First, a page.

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Ruling on Magnet School Gets F From Parents

Education: Placentia- Yorba Linda pupils can't attend Troy High's Int'l Baccalaureate classes because of plans for a similar program locally.


Troy High School's recent win in the national Science Olympiad was a sweet victory for the students and their parents. But for families who can't enroll their children in the highly regarded science magnet, it was a bitter reminder that their home district, Placentia-Yorba Linda, won't let them go there.

The high school in Fullerton attracts students from four counties to its International Baccalaureate program, which offers upper-level classes in science, math and other disciplines. In fact, 72% of Troy students come from outside the Fullerton Union High School District. Until this year, several dozen usually came from neighboring Placentia-Yorba Linda School District.

Now, the Placentia-Yorba Linda district is starting a similar program at Valencia High and does not want to lose students to the neighboring district beginning next fall.

"They want his test scores; they don't want a brain drain," said Shirley Krider, whose son earned top scores on state standardized tests but won't be allowed to attend Troy.

District officials say students will receive a similar education at Valencia High's International Baccalaureate program.

"The standards, the content [of the baccalaureate programs] are the same ... worldwide," said David Verdugo, assistant principal of executive services for Placentia-Yorba Linda. "You could go to Geneva, Switzerland, and it won't be different."

While Troy "has a track record" of high-achieving students in math and science, Verdugo said Valencia is academically noteworthy as an "outstanding high school that has previously provided a very high volume of Advancement Placement courses."

Parents, who say their children already had been accepted by Troy, argue that the Valencia program is not yet in place. They note that the school has not received approval from the International Baccalaureate program, based in New York.

"The Science Olympiad is just one of those things that shows what Troy is all about," said parent Tony Quinto, whose son, Lawrence, was accepted by Troy but denied a district transfer.

Troy won the prestigious national science competition for the fourth time in eight years--and Quinto was hoping Lawrence, now in a private Catholic school, could try out for the Troy team in the coming school year.

Valencia could not prepare him for such a team because it "doesn't have the program in place yet," Quinto said.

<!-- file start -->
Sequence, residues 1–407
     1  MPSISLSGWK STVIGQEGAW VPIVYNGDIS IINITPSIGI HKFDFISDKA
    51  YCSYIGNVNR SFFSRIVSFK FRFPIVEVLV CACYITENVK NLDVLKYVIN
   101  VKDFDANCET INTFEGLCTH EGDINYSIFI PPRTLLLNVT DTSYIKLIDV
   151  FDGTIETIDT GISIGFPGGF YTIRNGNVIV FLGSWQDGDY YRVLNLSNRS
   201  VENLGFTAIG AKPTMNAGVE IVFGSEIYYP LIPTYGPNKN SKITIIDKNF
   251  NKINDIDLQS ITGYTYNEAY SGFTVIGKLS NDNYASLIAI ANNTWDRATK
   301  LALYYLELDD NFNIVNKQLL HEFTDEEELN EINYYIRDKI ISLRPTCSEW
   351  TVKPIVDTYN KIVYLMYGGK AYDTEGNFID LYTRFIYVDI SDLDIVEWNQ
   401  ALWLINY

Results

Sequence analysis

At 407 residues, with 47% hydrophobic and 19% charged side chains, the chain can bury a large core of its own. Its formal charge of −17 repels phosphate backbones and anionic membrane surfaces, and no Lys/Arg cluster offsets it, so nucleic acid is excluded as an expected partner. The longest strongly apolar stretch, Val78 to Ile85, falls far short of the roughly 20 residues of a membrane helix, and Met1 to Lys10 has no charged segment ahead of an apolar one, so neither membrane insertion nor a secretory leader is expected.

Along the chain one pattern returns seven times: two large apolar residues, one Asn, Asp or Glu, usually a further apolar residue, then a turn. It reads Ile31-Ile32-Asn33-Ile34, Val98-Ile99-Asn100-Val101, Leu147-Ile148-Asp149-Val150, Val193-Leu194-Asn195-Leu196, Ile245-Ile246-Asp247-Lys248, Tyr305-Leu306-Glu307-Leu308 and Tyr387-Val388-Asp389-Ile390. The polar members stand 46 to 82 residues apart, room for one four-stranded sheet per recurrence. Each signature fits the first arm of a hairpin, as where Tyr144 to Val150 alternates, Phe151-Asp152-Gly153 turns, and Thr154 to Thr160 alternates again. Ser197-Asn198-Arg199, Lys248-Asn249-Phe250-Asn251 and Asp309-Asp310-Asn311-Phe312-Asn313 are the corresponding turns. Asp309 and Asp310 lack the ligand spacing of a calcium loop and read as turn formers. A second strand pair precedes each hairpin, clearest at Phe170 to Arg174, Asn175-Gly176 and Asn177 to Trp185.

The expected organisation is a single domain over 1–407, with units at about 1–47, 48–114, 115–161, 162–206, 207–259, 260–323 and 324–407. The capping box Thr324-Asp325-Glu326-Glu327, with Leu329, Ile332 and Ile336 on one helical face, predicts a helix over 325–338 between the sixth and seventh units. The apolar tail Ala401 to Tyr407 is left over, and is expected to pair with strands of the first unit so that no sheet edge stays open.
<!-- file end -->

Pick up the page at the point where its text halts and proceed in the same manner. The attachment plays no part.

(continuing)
In 2001, Troy scored 850 on the state's Academic Performance Index, a measurement of school performance based largely on standardized test scores. That was the third-highest score in Orange County. Valencia ranked 38 with a score of 635.

Verdugo said a transfer is allowed only when a student will attend a program not offered at his district. George Giokaris, deputy superintendent for Fullerton Joint Union High School District, declined Monday to comment on the Placentia-Yorba Linda policy.

Parent Raj Sivalingan argues that similar programs or not, a college diploma from Harvard is not like one from another college.

"They will not get me to send my kid to Valencia, and none of the other parents will send their kids there either," he said.

All of the parents appealed Placentia-Yorba Linda's decision to the Orange County Board of Education, but, on May 16, were turned down.

The board has reviewed a mass of transfer appeals only once before, said board president Elizabeth Parker, when districts would not allow students to attend the Orange County High School of the Arts. The board approved the transfers because the school offered a unique program in the county.

Parker said 18 of the 22 students did not attend public schools and that the families "really showed us they have no faith in the public school system anyway."

As a result, one family that has lived in the same Yorba Linda house for 23 years is planning to move to the Fullerton district

"We want our son to have the same quality of education as our daughters had," said Joyce Lovinger, whose two older children were Troy graduates.

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